Airlines Commit to Aiding Stranded Travelers as DOT Publishes Customer Service Dashboard

Airlines Commit to Aiding Stranded Travelers as DOT Publishes Customer Service Dashboard

Travelers get assistance at the airport (photo by Eric Bowman)

Many of the major U.S. airlines have committed to aiding stranded passengers impacted by issues under the airlines’ control in a new step to avoid the U.S. Department of Transportation (DOT) from expanding the rights of airline passengers.

On Thursday, DOT published a new dashboard showing travelers which airlines provide which services during these delays and cancellations.

According to Reuters, American Airlines, United Airlines, Southwest Airlines, Delta Air Lines, JetBlue and others have committed to providing meals for customers who are delayed for three hours and to providing hotel rooms for stranded passengers, as long as the delays and cancellations are related to issues within the airlines’ control, now publishing these rules under their customer service plans.

Prior to these new rules, airline passengers had to ask the airlines to provide these things in the event of delays and cancellations.

The new rules follow DOT’s publication of an interactive dashboard that showcases the top 10 most popular airlines and the services they provide to customers experiencing delays or cancellations due to circumstances the airlines can control, which include overbooking flights or staffing shortages but exclude weather-related issues.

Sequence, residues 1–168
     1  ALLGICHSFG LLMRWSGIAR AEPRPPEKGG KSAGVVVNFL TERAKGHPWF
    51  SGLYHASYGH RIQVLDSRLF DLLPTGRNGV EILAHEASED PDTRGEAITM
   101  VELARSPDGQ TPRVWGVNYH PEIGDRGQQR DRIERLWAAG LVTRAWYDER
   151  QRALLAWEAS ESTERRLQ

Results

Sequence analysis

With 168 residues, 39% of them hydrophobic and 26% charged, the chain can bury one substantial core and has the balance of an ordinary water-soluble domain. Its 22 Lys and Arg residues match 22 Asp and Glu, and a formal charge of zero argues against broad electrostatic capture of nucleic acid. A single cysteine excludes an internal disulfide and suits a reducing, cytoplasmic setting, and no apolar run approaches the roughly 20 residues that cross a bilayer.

Transportation Secretary Pete Buttigieg had previously urged the airlines to commit to providing meals and hotel stays, and he has commented that DOT may still enact new rules “that would further expand the rights of airline passengers.”

The aviation industry is the one sector of the travel industry that has seen the most tumultuous recovery from the COVID-19 pandemic, due largely in part to a smaller workforce that hasn’t kept up with the rising demand. From baggage handlers to commercial pilots, the airlines simply haven’t been hiring the amount of staff needed to man the number of flights the airlines offer, leading to severe delays and cancellations.

During the first six months of the year, airlines canceled some 53,000 flights, leading to a 270 percent spike in passenger complaints filed to DOT in comparison with 2019.

The new rules aiding customers impacted by these cancellations and delays are a sign that the airlines expect the issues to continue, at least for the foreseeable future, and should help to appease at least some of the customers impacted.

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